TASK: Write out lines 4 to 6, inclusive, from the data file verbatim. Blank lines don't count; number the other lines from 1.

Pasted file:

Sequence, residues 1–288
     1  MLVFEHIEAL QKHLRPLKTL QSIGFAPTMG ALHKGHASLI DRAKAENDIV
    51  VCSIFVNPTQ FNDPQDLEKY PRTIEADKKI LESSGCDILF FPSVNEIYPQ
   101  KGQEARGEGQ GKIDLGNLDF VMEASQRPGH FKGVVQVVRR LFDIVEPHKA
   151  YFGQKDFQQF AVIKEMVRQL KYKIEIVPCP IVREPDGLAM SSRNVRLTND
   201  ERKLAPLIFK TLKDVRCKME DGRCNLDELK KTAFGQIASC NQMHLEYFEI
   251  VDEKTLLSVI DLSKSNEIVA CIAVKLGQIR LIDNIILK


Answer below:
   101  KGQEARGEGQ GKIDLGNLDF VMEASQRPGH FKGVVQVVRR LFDIVEPHKA
   151  YFGQKDFQQF AVIKEMVRQL KYKIEIVPCP IVREPDGLAM SSRNVRLTND
   201  ERKLAPLIFK TLKDVRCKME DGRCNLDELK KTAFGQIASC NQMHLEYFEI